Further according to some embodiments of the robotics control unit, the matrix of light emitters is configured to render a graph representing an input received at one or more of the l/O-ports. In particular, the light emitters may be operated, in re- sponse to instructions from the processor, so as to render a graph representing an input received at one or more of the l/O-ports. Advantageously, the graph is ren- dered to represent a signal value of a signal provided as input at the one or more l/O-ports. Thereby an intuitive visualisation of the input as“seen” by the robotics control unit is provided, which allows the user to follow the interaction between a model with the robotics control unit and its environment. The graph may further prompt the user or an external device observing the light emitter arrangement to interact with the robotics control unit.

Furthermore, the following embodiments of the robotics control unit specify advan- tageous features facilitating the interaction between the robotics control unit and cooperating/compatible peripheral devices. Preferably the specified interfaces of the l/O-ports are configured in a modular manner allowing for the interchangeable con- nection of compatible peripheral devices to the l/O-ports. Thereby a versatile con- nectivity of the l/O-ports with compatible devices is achieved. This is particularly useful for building complex robotics control systems in an intuitive manner that en- hances the creative building experience. According to some embodiments, the l/O- ports are advantageously configured as interfaces for interacting with peripheral devices, such as sensors, motors, generators, and/or power sources. Further ad- vantageously, the l/O-ports comprise one or more digital interfaces. Further advan- tageously, the l/O-ports comprise one or more analogue interfaces. Further advan- tageously, the l/O-ports are configured for wired and/or wireless communication with peripheral devices.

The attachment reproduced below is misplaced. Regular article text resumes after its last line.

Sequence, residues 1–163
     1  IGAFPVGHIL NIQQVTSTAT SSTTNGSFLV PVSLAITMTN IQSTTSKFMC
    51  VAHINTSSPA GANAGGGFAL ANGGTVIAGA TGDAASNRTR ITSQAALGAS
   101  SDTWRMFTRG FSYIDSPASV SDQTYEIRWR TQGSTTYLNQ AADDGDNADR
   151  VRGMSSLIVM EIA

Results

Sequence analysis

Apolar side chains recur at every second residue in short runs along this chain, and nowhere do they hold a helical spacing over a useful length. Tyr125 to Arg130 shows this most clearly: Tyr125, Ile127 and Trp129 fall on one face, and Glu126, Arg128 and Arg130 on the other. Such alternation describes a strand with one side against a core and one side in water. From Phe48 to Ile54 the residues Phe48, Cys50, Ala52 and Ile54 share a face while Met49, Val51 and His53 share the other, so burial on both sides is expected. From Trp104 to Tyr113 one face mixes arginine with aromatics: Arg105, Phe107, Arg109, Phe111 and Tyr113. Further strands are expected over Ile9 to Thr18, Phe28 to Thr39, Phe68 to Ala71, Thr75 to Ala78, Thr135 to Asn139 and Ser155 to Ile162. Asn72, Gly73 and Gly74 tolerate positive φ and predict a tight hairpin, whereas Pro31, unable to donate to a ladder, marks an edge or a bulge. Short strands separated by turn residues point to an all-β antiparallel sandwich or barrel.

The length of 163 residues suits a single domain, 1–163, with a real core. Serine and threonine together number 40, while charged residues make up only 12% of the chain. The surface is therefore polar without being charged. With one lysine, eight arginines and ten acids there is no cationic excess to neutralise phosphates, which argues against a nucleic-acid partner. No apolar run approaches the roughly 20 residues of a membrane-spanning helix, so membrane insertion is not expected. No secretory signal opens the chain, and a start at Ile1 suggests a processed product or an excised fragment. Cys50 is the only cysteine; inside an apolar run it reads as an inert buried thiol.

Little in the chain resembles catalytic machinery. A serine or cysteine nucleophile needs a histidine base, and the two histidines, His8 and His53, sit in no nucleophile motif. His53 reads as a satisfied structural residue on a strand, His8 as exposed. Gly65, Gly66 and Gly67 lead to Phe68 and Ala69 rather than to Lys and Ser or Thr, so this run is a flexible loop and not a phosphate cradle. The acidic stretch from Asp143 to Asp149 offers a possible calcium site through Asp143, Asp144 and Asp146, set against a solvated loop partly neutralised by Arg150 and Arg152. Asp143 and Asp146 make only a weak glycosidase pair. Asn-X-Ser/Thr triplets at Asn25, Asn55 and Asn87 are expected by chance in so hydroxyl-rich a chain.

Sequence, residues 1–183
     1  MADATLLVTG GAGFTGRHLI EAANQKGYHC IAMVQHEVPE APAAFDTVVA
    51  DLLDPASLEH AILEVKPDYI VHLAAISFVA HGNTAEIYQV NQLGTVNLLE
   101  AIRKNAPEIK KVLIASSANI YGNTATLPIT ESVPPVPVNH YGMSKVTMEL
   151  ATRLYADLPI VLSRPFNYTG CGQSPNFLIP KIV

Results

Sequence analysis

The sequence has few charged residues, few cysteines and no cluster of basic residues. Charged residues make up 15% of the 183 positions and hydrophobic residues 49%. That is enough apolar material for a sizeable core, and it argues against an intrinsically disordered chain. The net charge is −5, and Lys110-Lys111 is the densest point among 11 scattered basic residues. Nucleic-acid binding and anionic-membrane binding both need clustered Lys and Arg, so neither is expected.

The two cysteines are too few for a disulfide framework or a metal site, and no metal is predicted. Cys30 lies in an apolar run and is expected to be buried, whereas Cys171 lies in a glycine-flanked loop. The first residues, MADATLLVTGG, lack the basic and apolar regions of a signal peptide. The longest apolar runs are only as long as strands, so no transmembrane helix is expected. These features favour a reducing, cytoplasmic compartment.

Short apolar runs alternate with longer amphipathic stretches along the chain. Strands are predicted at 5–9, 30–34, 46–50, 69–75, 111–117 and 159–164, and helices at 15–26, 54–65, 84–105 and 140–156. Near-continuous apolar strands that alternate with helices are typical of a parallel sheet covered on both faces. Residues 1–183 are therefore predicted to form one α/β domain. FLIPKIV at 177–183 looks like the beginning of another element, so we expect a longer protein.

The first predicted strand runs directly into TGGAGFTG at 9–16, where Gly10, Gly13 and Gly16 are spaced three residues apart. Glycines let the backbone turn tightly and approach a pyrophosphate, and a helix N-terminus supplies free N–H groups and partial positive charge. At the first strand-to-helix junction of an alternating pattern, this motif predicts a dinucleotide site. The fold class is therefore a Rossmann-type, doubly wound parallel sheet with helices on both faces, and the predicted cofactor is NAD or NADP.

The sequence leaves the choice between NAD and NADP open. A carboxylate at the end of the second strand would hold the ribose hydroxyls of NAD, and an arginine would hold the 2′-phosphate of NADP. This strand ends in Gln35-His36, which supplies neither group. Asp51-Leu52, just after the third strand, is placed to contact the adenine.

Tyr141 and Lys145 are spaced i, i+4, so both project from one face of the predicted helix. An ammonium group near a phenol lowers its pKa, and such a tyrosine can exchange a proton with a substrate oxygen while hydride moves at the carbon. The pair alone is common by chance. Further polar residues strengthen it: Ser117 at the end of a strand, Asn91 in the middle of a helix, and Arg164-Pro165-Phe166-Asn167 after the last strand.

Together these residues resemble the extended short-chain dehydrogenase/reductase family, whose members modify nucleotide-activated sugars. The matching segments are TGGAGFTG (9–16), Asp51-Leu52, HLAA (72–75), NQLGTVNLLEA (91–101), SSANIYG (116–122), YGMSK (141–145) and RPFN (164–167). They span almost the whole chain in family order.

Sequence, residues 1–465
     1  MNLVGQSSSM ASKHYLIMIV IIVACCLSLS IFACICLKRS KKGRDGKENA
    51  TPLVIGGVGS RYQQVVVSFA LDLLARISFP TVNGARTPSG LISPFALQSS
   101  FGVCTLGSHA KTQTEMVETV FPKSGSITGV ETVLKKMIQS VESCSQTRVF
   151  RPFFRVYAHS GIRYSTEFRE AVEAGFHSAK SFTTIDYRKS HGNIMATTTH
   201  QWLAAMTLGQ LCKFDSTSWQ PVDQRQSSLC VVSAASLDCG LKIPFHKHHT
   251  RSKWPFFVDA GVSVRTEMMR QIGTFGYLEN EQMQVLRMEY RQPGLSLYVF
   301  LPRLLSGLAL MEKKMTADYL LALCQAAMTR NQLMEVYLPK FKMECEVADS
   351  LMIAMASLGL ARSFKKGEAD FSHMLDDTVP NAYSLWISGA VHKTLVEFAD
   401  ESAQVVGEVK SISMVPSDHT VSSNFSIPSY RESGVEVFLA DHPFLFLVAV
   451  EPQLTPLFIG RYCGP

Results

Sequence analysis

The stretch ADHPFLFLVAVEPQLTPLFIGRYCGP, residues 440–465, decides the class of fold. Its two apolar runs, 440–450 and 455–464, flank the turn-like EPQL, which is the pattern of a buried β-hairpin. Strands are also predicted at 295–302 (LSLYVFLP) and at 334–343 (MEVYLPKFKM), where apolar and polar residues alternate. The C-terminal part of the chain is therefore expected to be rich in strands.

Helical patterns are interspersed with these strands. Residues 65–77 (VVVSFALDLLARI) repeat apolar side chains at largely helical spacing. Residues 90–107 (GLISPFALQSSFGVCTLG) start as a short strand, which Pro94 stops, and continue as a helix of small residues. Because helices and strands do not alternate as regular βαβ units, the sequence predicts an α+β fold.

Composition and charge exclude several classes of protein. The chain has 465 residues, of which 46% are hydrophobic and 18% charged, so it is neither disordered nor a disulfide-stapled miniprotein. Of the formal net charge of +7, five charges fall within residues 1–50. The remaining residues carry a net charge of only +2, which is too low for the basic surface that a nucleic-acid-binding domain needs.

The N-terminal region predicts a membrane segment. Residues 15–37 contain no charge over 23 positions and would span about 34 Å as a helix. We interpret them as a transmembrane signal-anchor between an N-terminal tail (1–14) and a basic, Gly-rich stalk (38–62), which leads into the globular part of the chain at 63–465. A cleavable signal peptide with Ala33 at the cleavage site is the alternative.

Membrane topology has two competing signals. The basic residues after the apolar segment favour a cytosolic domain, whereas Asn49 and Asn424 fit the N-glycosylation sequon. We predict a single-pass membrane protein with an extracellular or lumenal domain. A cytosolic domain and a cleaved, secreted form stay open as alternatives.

Further according to some embodiments, the system further comprises one or more toy construction elements, each toy construction element comprising one or more coupling members configured for releasably interconnecting the toy construction elements with the robotics control unit. Thereby a toy construction model built from the system can be brought to life with the particular advantages of an interactive learning and play experience as already discussed above in the context of the robot- ics control unit.

Further according to some embodiments, the system further comprises an external device, the external device comprising:

a capturing device adapted to capture a machine readable code produced by the robotics control unit;

decoding means programmed to decode the machine readable code; and programmed instructions using the decoded machine readable code as an input; The robotics control unit is adapted to transmit encoded data in respect of the robot- ics control unit by producing a machine readable code encoding the data in respect of the robotics control unit on the front side of the housing. The external device is adapted to receive the encoded data in respect of the control unit by means of a capturing device configured to capture the machine readable code produced by the control unit. The external device further comprises programmed instructions for in- teracting with the robotics control unit using the received encoded data. The external device is thus configured for interacting with the robotics control unit. As mentioned above, the external device may be a mobile device, and/or another robotics control unit. For example, a mobile device may be a mobile phone, a tablet computer, a lap top computer, and/or a game controller, and the other robotics control unit may be e.g. a robotics control unit that is compatible with or of the same type as the robotics control unit of the toy construction robotics system. The other robotics control unit may even be configured to simulate any of the mobile devices vis-a-vis the robotics control unit of the toy construction system. Thereby, the interactive learning experi- ence when using the toy construction robotics system is extended from a model build comprising the robotics control unit to include the interaction with external de- vices, which thus may be included in the interactive building and play experience. The advantages as already discussed above in the context of the robotics control unit are also achieved by this aspect of the invention, including the multiple facets of an interactive learning and play experience facilitated thereby.

Advantageously, the external device is adapted for analysing the captured visual pattern so as to decode the data encoded in the visual pattern. Further advanta- geously, the external device is adapted for receiving, processing and/or recognizing the machine readable visual code. Further advantageously, the external device is further adapted to interpret the received and decoded data as instructions. Further advantageously, the external device (and the robotics control unit) comprises com- munication means adapted for establishing a wireless link between the external de- vice and the robotics control unit using the machine readable visual code.